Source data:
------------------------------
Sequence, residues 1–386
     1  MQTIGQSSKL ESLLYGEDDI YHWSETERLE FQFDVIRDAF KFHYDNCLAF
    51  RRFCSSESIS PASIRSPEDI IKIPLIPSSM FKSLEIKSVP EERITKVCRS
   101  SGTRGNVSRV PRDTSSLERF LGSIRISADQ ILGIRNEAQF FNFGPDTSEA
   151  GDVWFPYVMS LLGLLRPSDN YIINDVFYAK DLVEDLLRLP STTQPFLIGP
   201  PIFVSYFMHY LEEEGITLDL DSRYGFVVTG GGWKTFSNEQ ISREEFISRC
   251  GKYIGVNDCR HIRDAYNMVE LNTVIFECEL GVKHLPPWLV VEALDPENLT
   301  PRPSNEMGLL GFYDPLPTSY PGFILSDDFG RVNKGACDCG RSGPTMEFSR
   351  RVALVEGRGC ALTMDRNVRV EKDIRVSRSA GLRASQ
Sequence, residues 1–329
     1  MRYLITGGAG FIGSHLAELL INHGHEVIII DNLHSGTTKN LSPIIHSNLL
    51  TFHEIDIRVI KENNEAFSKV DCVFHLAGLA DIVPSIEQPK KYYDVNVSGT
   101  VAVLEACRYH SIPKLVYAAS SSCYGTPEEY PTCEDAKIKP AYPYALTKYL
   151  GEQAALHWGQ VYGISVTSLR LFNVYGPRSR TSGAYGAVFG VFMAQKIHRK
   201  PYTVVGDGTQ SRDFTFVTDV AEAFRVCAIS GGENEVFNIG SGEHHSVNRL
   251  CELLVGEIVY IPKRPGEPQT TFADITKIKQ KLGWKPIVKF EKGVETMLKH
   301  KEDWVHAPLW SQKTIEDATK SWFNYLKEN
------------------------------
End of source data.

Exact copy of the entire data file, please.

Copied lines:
Sequence, residues 1–386
     1  MQTIGQSSKL ESLLYGEDDI YHWSETERLE FQFDVIRDAF KFHYDNCLAF
    51  RRFCSSESIS PASIRSPEDI IKIPLIPSSM FKSLEIKSVP EERITKVCRS
   101  SGTRGNVSRV PRDTSSLERF LGSIRISADQ ILGIRNEAQF FNFGPDTSEA
   151  GDVWFPYVMS LLGLLRPSDN YIINDVFYAK DLVEDLLRLP STTQPFLIGP
   201  PIFVSYFMHY LEEEGITLDL DSRYGFVVTG GGWKTFSNEQ ISREEFISRC
   251  GKYIGVNDCR HIRDAYNMVE LNTVIFECEL GVKHLPPWLV VEALDPENLT
   301  PRPSNEMGLL GFYDPLPTSY PGFILSDDFG RVNKGACDCG RSGPTMEFSR
   351  RVALVEGRGC ALTMDRNVRV EKDIRVSRSA GLRASQ
Sequence, residues 1–329
     1  MRYLITGGAG FIGSHLAELL INHGHEVIII DNLHSGTTKN LSPIIHSNLL
    51  TFHEIDIRVI KENNEAFSKV DCVFHLAGLA DIVPSIEQPK KYYDVNVSGT
   101  VAVLEACRYH SIPKLVYAAS SSCYGTPEEY PTCEDAKIKP AYPYALTKYL
   151  GEQAALHWGQ VYGISVTSLR LFNVYGPRSR TSGAYGAVFG VFMAQKIHRK
   201  PYTVVGDGTQ SRDFTFVTDV AEAFRVCAIS GGENEVFNIG SGEHHSVNRL
   251  CELLVGEIVY IPKRPGEPQT TFADITKIKQ KLGWKPIVKF EKGVETMLKH
   301  KEDWVHAPLW SQKTIEDATK SWFNYLKEN